The c-word got Samantha Bee into an internet maelstrom.

My initial thrust in writing about the word “fuck” earlier this year (“Truman Talks: Fuck,” Jan. 24) was to satisfy two non-rutting stags in my brain: the constant questioning voice that seeks out the new in words and their evolution and a somewhat juvenile desire to disrupt, nay offend, the unsuspecting reader. When my editor opined that I would struggle to bring anything new to an oft-covered topic, the alpha male of my mind was awoken: the stubborn “I’ll show you!” that has compelled, impelled, and propelled me most of my life. It was in a similar vein that I began to circle the notion of writing about the word “cunt.” Ruffle some feathers. Break taboos. 

I remember clearly the jolt with which I heard my first TV “cunt.” It was from the lips of Tony Soprano, the eponymous anti-hero of the taboo-breaking HBO show. Honestly, though, once you say the word aloud a few times and see it in print, there is really nothing much to it. Its force is becalmed. 

Yet there is an interesting history. The word appeared quite readily in English street names, with at least 20 “Gropecunt Lanes” to be found in the 1400s. The name was a literal descriptor of what was on offer in the same way that one might encounter Swordmaker Street, Asshole Avenue, or Pisskidney Place (h/t British sitcom wordsmiths David Mitchell and Robert Webb). 

RSC 300x250 Digital Ad

Geoffrey Chaucer’s never knowingly un-ribald Canterbury Tales features multiple, perhaps euphemistic, references to “queynte” (pronounced q-went-a), meaning a clever device or ornament, though others contend that the former led to the latter etymologically. For my part, I look to the origins of Middle English in Old Norse (“kunta”), Middle Low German (“kunte”), and Middle Dutch (“conte”), all making non-pejorative reference to female genitalia.

When I started sharing with friends that I was fixing to write about the most taboo of all words in the English language, our discussions uncovered a growing body of thought about women taking back “cunt” in much the same way “nigger”/“nigga” was reclaimed decades earlier by African-Americans and “gay,” “queer,” and “fag” by the LGBTQ community. On encountering this notion, my mission shifted, becoming something like, Show people how fearless and smart I am by writing something at once offensive yet erudite and thought-provoking.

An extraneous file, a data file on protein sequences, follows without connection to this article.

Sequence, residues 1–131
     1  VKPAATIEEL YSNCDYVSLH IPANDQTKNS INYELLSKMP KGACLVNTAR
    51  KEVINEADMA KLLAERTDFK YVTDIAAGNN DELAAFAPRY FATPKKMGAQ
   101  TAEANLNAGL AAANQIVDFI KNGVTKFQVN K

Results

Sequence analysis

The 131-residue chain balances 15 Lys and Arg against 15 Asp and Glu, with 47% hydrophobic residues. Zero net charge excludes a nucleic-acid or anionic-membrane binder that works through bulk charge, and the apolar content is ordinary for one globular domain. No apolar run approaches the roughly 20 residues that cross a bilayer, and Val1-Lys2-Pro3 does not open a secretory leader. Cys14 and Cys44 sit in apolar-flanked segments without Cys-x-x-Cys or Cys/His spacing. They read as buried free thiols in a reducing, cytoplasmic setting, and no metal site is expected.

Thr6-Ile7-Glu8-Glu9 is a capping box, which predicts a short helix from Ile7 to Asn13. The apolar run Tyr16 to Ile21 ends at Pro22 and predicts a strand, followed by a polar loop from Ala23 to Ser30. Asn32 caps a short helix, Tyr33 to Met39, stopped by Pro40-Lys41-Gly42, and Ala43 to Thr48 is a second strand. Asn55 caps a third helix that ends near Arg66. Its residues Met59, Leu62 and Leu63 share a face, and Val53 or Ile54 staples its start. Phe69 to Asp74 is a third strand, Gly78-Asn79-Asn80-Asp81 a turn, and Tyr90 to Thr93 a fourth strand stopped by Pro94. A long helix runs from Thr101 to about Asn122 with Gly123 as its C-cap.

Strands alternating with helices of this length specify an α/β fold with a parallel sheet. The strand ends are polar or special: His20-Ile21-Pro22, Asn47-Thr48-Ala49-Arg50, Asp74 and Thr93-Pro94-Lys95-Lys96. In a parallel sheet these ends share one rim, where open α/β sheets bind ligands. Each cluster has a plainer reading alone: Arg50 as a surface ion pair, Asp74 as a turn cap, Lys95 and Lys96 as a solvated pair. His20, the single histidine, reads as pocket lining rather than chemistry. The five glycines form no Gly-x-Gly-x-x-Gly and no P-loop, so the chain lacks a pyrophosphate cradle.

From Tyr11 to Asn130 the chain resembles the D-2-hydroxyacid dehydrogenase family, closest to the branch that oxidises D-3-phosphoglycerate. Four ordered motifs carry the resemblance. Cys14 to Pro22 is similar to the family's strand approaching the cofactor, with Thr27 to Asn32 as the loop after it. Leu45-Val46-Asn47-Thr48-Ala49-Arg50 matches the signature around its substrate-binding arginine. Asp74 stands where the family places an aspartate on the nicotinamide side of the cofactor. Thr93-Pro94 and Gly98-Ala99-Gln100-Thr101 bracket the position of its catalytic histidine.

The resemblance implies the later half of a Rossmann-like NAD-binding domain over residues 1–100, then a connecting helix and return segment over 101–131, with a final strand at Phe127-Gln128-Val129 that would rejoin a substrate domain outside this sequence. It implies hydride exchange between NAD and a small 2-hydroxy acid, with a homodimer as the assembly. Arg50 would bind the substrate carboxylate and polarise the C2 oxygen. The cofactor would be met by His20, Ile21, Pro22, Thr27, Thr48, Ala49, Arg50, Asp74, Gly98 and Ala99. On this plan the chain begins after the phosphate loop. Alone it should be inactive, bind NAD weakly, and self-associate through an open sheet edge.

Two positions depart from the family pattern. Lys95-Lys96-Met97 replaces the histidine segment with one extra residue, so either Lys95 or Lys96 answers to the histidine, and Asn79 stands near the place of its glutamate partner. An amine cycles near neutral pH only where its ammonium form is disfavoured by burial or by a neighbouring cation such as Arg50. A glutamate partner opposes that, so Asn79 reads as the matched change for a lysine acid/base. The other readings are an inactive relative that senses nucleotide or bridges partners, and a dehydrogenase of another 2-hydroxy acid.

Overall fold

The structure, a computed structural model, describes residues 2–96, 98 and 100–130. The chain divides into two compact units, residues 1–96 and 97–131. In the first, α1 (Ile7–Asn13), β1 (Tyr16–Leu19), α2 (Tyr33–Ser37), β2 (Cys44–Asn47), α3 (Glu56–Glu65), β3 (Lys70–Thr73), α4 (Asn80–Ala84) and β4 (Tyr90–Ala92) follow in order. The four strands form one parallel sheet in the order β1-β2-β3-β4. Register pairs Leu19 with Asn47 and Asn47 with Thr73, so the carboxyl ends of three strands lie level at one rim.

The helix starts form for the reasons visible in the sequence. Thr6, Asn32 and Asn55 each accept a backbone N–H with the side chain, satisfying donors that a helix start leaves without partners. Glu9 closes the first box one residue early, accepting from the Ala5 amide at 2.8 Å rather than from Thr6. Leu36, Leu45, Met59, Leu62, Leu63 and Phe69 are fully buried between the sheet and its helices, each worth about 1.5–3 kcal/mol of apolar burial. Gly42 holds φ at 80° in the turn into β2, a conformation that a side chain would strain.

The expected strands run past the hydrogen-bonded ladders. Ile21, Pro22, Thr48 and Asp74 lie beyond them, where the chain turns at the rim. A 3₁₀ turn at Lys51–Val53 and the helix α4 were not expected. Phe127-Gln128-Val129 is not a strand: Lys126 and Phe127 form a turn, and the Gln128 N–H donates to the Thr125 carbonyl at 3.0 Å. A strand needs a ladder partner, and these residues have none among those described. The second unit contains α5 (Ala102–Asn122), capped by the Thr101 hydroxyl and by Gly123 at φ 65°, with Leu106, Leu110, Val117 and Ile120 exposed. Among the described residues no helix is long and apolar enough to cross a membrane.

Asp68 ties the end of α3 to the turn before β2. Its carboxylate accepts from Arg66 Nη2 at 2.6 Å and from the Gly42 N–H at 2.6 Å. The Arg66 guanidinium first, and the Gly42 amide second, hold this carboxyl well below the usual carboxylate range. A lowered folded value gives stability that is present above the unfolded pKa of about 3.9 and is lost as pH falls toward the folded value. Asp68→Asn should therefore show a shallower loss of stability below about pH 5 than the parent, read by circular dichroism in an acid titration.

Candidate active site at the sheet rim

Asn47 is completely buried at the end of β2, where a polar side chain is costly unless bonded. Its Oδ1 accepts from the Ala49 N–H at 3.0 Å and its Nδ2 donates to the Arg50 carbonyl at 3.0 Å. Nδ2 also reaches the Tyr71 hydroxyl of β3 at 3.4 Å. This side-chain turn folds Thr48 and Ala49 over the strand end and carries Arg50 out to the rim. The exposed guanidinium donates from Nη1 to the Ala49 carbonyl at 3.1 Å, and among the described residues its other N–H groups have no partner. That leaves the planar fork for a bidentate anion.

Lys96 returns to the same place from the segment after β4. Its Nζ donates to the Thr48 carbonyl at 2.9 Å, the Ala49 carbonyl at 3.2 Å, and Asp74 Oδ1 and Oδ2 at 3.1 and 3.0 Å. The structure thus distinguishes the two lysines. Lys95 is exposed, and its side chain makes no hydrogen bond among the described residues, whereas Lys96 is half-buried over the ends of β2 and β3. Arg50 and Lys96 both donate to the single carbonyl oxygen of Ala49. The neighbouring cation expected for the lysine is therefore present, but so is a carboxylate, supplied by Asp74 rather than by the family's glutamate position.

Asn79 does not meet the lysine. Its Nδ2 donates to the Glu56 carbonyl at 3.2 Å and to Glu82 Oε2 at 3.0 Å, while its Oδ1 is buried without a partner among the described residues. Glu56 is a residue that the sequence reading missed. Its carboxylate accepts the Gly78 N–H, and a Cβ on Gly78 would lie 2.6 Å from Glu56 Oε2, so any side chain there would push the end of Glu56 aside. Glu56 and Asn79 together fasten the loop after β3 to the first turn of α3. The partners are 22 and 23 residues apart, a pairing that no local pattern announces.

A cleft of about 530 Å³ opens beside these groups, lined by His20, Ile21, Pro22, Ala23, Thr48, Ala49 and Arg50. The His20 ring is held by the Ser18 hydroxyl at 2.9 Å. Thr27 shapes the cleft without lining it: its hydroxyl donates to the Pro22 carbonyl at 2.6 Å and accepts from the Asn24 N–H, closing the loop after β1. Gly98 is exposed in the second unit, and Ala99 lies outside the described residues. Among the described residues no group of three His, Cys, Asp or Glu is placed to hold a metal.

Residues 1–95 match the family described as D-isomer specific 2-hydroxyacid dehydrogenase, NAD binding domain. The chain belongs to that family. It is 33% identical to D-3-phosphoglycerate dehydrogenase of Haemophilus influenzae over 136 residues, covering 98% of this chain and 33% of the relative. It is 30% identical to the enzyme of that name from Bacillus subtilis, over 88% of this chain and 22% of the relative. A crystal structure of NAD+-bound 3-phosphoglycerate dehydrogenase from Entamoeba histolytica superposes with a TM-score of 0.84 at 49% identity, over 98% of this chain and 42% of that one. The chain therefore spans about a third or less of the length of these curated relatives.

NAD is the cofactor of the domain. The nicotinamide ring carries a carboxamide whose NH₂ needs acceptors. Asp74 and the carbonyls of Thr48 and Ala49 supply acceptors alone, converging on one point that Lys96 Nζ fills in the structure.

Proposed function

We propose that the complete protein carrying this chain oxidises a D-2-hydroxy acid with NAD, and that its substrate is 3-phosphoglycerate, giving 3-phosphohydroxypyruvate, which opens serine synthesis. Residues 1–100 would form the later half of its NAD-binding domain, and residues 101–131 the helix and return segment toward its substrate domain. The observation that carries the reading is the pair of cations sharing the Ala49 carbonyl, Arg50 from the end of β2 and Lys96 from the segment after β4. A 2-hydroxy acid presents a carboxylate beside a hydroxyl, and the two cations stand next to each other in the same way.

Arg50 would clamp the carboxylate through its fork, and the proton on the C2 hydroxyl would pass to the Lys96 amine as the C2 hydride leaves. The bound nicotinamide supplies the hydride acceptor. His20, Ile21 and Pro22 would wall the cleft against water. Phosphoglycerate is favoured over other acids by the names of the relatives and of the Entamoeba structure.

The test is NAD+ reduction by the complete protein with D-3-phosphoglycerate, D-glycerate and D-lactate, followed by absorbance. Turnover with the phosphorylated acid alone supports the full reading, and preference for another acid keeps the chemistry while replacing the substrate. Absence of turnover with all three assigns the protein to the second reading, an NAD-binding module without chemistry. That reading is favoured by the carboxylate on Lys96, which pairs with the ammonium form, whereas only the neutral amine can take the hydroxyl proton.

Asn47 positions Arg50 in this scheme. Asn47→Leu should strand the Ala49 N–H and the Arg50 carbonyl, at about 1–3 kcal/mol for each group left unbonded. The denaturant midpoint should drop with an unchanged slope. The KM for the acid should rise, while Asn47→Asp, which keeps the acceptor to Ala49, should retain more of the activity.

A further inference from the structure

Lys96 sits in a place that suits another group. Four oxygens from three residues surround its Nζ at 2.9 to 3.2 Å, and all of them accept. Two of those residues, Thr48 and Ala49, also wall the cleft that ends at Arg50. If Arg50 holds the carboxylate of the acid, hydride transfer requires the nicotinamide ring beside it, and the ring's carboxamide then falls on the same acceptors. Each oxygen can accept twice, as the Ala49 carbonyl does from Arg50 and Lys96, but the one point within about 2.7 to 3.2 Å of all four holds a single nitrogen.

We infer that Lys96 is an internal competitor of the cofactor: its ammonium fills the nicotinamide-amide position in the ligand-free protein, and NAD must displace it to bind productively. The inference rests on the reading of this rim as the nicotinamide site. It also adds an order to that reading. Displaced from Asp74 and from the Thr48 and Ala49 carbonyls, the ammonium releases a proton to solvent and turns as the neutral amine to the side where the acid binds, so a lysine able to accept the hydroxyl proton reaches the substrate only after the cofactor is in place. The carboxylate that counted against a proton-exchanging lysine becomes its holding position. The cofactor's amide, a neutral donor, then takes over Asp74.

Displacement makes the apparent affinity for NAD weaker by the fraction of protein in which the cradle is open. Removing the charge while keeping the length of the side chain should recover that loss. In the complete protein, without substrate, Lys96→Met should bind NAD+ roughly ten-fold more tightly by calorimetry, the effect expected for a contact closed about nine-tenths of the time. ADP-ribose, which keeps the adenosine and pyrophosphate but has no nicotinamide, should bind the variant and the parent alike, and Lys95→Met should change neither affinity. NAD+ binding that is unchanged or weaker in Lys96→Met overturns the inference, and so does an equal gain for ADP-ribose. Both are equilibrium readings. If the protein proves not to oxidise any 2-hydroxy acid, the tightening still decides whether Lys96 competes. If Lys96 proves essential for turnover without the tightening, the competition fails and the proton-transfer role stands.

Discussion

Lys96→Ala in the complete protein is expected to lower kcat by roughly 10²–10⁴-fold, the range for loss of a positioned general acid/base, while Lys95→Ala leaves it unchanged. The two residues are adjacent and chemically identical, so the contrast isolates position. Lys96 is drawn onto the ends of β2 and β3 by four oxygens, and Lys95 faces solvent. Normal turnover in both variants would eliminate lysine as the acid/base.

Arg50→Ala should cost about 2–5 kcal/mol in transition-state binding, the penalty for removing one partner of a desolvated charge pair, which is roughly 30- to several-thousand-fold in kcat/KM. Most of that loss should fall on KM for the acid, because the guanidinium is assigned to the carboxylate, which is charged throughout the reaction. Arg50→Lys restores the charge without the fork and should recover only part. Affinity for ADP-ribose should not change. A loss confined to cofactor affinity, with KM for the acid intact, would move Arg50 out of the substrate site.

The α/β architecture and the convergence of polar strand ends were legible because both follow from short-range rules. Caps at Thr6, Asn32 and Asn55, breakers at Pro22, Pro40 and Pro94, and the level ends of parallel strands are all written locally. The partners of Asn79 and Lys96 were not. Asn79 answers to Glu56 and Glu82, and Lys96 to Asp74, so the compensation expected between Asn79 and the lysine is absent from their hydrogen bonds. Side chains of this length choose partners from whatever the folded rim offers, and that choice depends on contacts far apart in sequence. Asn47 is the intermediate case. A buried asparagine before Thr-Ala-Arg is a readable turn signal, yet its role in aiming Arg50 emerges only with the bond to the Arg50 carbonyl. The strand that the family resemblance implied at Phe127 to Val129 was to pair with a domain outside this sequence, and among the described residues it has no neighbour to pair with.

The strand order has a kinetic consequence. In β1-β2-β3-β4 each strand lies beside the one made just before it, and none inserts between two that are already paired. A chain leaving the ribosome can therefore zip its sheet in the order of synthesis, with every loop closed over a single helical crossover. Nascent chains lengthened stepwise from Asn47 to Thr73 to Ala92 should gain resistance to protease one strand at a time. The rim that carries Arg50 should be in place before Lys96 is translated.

Oh! It is also worth pointing out that a couple days into my thinking, researching and discussing the whole “cunt” thing, Samantha Bee served up a spot-on summation of the Pussy Grabber in Chief’s daughter and “special adviser,” heretofore referred to as Ivankunt. (There is definitely something very creepy about the sexualized nature of their relationship, but that is a whole article unto itself.)

So I have probably dealt with the offensive part of my revised goal. Let’s get us some erudition and provoking of thought. In researching this piece, I have encountered myriad articles championing the feminist origins of our mot du jour and more still calling for a rematriation of it for the purpose of empowering women while disempowering the pejorative invective of men. Works for me. 

Silpa Kovvali makes a strong case in a Salon article that the “pearl clutching” (see what she did there?) around the uttering of “cunt” by women plays to patriarchal notions of women as defenseless, that any use of the word is misogynistic because a poor little woman is inherently vulnerable, while the obverse is not true in calling a big, strong man a “prick,” “dick,” “cock,” or “bell end.”

In speaking with women friends, it is evident that the reclaiming of “cunt” is alive and well and living in The Fort though not exclusively. Women are choosing their “cunt” carefully, using it selectively as a pejorative but also, among the linguistic leading edge, to talk about their vaginas (a word, by the way, with Latin origins that describes a sheath and in so doing offers a poetic and physically accurate descriptor) in healthy, positive, and empowering ways. So, yeah, more power to reclaiming “cunt.” I look forward to hearing female friends greet each other with, “How’s it going, cunt?” And to men finally being able to locate a “cunt” button (though bros will still need female assistance, of course, ’cos, you know, making sense of lady parts while browsing a store is double difficult for them. Middle rack, top, left a bit …).

Share your thoughts with Truman at